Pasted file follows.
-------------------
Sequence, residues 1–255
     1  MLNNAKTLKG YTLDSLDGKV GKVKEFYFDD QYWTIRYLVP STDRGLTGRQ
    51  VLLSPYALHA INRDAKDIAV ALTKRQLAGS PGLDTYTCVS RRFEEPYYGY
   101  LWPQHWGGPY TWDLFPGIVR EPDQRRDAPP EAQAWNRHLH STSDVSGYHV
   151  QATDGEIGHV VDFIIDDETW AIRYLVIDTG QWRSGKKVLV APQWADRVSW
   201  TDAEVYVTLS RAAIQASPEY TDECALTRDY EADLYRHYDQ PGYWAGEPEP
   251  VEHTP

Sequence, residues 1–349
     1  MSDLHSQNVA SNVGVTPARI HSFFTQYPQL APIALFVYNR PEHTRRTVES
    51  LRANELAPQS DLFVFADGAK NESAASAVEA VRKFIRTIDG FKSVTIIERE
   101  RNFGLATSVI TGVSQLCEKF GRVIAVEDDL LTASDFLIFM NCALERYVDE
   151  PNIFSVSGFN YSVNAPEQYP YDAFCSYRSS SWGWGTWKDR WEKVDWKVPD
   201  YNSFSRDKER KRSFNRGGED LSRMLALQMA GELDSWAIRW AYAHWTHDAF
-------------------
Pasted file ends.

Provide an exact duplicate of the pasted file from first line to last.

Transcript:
Sequence, residues 1–255
     1  MLNNAKTLKG YTLDSLDGKV GKVKEFYFDD QYWTIRYLVP STDRGLTGRQ
    51  VLLSPYALHA INRDAKDIAV ALTKRQLAGS PGLDTYTCVS RRFEEPYYGY
   101  LWPQHWGGPY TWDLFPGIVR EPDQRRDAPP EAQAWNRHLH STSDVSGYHV
   151  QATDGEIGHV VDFIIDDETW AIRYLVIDTG QWRSGKKVLV APQWADRVSW
   201  TDAEVYVTLS RAAIQASPEY TDECALTRDY EADLYRHYDQ PGYWAGEPEP
   251  VEHTP

Sequence, residues 1–349
     1  MSDLHSQNVA SNVGVTPARI HSFFTQYPQL APIALFVYNR PEHTRRTVES
    51  LRANELAPQS DLFVFADGAK NESAASAVEA VRKFIRTIDG FKSVTIIERE
   101  RNFGLATSVI TGVSQLCEKF GRVIAVEDDL LTASDFLIFM NCALERYVDE
   151  PNIFSVSGFN YSVNAPEQYP YDAFCSYRSS SWGWGTWKDR WEKVDWKVPD
   201  YNSFSRDKER KRSFNRGGED LSRMLALQMA GELDSWAIRW AYAHWTHDAF